Another great game for a threesome to employ. Six points are available on each hole with four points being awarded to the player with the best score, two points for the second best score, and zero points to the player with the worst score. If there is a tie for the best score then the points are divided evenly 3-3-0 or 2-2-2 depending on the whether it was a two or three player tie. If there is a tie for second place then the points are divided up 4-1-1.
Foursome Side Games:
BINGO, BANGO, BONGO
In this side game a point is given to the first ball on the green, a point for closest to the hole, and a point for the first ball that is holed. This game is great when you have a wide spread of handicappers playing together in a foursome.
In this format there are 12 points available on each hole available to be won. The player with the lowest score in the group gets 6 points, the next lowest score gets 4 points, next lowest 2, and the worst score gets 0 points. In the event of a tie, points are added up and divided equally. For example, Player A scores a 4, Player B scores 3, Player C scores 4, and Player D scores 5. Player B would get 6 points, Players A and C would take the 4 points awarded to second place and the 2 points awarded to third place, and split them up for 3 points each. Player D would earn 0 points.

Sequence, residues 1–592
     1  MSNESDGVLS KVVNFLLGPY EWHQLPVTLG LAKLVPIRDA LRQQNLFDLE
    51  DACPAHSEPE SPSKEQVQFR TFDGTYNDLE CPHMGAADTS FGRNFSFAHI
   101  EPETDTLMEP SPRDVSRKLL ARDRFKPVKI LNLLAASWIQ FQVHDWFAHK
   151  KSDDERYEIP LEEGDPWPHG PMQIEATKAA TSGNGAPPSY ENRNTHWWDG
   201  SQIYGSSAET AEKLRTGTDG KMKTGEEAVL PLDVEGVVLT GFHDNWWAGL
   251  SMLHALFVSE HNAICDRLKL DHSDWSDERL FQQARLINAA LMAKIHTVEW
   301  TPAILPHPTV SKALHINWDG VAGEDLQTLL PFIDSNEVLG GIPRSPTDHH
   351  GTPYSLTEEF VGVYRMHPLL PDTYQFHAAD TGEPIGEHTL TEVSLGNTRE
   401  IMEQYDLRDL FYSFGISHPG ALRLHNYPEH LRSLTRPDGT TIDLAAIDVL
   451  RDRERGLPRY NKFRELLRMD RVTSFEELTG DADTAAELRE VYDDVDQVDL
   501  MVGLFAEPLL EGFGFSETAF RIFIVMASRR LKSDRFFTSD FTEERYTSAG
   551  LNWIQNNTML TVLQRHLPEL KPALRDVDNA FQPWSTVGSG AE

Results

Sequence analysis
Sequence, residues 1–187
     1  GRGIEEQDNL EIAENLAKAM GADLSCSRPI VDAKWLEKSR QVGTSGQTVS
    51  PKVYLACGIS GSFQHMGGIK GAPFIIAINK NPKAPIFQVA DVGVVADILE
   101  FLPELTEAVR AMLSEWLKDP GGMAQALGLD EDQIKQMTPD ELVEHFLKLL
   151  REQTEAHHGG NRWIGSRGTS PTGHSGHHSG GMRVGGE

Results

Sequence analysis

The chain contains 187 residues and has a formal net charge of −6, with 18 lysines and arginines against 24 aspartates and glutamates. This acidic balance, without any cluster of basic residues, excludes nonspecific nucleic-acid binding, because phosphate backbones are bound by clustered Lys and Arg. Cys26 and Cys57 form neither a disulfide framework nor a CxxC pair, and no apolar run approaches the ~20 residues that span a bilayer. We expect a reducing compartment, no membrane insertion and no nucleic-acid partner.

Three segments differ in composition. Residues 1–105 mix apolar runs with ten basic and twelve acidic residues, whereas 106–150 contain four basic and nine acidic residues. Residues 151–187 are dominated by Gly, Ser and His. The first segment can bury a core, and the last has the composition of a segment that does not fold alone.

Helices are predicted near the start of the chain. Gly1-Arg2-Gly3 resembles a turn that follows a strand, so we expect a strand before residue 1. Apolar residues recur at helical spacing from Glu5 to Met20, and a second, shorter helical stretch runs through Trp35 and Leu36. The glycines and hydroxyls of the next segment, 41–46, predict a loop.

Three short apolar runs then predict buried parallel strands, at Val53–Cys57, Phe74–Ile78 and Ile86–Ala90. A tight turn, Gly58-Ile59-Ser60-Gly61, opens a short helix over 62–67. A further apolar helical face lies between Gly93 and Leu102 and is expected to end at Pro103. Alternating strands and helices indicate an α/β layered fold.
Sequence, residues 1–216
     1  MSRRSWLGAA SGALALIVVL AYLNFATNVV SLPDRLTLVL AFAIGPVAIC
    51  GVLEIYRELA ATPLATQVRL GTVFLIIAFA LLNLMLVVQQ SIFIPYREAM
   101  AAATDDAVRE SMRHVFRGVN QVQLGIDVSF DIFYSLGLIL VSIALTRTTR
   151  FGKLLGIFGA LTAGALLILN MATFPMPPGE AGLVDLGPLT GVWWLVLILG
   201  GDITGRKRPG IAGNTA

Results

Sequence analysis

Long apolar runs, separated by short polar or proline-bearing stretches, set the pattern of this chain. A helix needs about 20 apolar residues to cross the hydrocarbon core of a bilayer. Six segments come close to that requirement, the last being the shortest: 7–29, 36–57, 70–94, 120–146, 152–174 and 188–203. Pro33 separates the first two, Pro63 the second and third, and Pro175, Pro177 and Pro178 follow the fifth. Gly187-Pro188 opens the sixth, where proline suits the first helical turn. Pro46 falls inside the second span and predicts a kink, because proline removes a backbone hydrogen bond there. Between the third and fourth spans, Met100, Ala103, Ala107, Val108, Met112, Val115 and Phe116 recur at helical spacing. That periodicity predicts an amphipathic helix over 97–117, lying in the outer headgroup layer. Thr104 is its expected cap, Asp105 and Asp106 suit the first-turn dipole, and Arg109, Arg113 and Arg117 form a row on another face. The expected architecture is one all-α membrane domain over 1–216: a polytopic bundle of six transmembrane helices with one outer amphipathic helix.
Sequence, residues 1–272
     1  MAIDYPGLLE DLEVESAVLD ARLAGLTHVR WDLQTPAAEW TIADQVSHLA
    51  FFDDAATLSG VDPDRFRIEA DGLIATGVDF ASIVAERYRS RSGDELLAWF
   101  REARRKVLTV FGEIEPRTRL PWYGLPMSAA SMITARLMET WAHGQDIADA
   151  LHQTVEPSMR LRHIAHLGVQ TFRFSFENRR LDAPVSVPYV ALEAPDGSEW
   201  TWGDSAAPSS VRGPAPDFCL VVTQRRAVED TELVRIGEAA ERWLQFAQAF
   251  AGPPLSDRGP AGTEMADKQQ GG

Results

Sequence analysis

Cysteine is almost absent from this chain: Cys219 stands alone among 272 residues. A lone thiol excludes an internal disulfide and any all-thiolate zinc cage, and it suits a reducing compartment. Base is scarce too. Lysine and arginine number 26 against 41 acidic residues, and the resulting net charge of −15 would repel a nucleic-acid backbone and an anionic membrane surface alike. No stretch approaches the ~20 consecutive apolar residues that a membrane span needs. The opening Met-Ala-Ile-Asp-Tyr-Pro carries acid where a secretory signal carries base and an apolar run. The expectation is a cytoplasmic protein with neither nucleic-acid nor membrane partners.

Wolf is a popular betting game played in a best ball format with each player in the foursome taking turns being the Wolf for a hole. As the Wolf you always tee off first and have three options for the hole: 1. Before teeing off you can go "Lone Wolf" and take on the other three players with the Wolf winning or losing triple the points. 2. After your tee shot you can decide to take on the other three players with the Wolf winning or losing double the points. 3. After hitting your tee shot you watch as each player tees off and try to decide on a partner for the hole. The catch is you have to select your partner after you have seen his tee shot but prior to seeing the next player's tee shot. If you don't like what you see from the first two players you automatically get the third players as your partner. These matches are worth one point or whatever the base bet is.